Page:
The five potentially significant medication administration errors comprised four ‘errors that would have required increased monitoring to preclude harm’ (category D) and one ‘error likely to cause temporary harm’ (category E). The four category D errors consisted of two wrong rate errors, one omission error and one expired drug error; the category E error was an omission error. The error rate based on these five more serious errors is just 0.4% of infusions—more than a hundred times lower than the headline figure of 60%—perhaps suggesting that intravenous infusions are relatively safe.

This 100-fold discrepancy highlights two issues. The first is the extent to which procedural violations are important. On the one hand, procedural violations may be a useful indicator of the underlying culture and may affect whether or not patients feel that their care is safe. One study showed an association between a particular procedural violation (not checking patient identification) and medication administration errors, with the authors suggesting that not checking patient identity may indicate a general failure to follow administration protocols.11 On the other hand, including minor procedural failures that do not result in medication administration errors may detract from the more important issues and risk creating the perception of the research being less relevant to practice. For example, Schnock et al included procedural issues such as discontinued infusions being disconnected from the patient but still connected to the pump, which are unlikely to be considered important by most healthcare professionals. Procedural violations may also reflect policies that are no longer fit for purpose. Schnock et al10 highlight that some policies required the actual start time of infusions to be documented on the infusion label, but that this information will be captured automatically in organisations using barcode medication administration systems and electronic medication administration records. In this context, adding this information by hand to the label can be viewed as a redundant step.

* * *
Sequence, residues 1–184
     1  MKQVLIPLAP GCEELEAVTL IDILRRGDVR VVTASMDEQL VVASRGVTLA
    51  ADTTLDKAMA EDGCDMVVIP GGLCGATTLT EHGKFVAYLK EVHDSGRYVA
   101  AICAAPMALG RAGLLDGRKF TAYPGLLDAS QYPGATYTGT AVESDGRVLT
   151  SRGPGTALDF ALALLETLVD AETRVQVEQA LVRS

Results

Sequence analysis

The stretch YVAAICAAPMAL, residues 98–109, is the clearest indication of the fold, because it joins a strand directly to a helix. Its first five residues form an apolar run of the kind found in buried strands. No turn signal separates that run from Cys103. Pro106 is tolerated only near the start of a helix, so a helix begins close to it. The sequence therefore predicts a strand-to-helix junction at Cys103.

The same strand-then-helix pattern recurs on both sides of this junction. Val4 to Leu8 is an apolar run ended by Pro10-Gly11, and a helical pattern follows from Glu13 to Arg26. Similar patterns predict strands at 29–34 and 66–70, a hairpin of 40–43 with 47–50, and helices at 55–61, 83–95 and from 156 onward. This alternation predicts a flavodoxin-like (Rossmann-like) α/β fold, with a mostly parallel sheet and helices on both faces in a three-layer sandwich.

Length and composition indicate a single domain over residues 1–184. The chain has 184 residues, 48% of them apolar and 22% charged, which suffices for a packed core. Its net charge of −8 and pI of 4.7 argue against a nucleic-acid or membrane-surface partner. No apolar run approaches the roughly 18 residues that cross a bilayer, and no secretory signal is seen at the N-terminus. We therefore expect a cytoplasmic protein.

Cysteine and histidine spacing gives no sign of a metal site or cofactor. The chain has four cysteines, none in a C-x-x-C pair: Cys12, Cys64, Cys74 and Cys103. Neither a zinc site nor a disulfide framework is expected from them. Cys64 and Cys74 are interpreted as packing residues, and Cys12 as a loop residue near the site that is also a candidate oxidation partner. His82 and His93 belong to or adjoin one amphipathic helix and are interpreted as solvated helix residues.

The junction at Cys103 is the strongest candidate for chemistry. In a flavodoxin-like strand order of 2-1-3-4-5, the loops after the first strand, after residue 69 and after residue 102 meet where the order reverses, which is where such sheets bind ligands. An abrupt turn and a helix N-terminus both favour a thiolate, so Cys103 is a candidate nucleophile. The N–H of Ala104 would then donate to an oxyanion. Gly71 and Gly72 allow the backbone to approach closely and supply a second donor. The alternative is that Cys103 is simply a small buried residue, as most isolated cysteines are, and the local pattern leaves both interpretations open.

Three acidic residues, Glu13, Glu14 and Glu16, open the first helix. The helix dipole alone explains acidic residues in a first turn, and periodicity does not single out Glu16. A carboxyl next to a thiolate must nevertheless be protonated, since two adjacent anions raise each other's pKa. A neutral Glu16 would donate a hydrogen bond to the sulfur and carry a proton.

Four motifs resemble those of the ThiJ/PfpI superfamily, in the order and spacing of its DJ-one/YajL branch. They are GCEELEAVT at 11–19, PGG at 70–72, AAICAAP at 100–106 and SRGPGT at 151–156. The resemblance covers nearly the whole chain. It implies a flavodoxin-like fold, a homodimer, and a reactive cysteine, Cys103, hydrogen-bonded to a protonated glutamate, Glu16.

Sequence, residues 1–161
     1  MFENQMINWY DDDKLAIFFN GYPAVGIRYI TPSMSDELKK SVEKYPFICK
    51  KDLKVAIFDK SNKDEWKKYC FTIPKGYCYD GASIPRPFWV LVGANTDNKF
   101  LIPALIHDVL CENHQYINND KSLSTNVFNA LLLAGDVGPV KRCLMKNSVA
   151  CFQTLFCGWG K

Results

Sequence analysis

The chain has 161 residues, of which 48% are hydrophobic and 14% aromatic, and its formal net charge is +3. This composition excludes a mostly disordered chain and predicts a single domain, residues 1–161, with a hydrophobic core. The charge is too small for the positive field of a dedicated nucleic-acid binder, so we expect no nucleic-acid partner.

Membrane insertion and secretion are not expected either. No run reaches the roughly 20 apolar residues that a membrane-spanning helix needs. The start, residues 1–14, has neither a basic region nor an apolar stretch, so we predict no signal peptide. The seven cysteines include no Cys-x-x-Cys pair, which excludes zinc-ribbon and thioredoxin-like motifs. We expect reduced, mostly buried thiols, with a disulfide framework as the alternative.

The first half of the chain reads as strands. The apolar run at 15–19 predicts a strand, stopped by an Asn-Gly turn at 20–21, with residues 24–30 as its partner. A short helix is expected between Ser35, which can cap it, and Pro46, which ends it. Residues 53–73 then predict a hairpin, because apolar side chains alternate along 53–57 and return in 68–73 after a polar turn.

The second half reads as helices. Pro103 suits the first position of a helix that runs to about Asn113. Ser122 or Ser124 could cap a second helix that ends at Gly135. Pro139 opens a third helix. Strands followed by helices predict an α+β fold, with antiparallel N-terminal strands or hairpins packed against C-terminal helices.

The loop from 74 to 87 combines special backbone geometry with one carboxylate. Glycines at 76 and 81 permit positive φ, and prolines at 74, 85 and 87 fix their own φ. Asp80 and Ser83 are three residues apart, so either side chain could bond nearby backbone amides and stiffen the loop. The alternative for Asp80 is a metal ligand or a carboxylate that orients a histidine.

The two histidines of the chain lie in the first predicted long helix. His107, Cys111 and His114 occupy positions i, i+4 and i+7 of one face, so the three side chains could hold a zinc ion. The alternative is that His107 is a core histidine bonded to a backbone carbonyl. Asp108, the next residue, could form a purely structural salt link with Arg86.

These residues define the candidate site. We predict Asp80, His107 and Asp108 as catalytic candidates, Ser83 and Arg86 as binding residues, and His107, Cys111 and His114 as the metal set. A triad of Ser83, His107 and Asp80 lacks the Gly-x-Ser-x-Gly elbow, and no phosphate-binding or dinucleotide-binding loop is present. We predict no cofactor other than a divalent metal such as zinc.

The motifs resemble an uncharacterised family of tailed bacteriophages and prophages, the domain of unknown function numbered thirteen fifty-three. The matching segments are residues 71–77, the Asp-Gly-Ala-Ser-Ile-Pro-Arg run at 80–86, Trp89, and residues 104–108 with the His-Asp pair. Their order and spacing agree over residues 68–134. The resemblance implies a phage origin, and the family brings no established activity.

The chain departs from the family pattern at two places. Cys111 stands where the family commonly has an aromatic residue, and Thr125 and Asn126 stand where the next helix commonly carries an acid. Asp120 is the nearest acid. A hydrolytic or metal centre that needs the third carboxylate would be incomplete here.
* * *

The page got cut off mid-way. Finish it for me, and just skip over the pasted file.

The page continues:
The second issue is the challenge of interpreting the literature in this field: different researchers and practitioners may have different views on what should count as errors. This is a particular issue for quantitative studies of medication administration errors, making it difficult to compare different studies even where the same data collection methods are used.12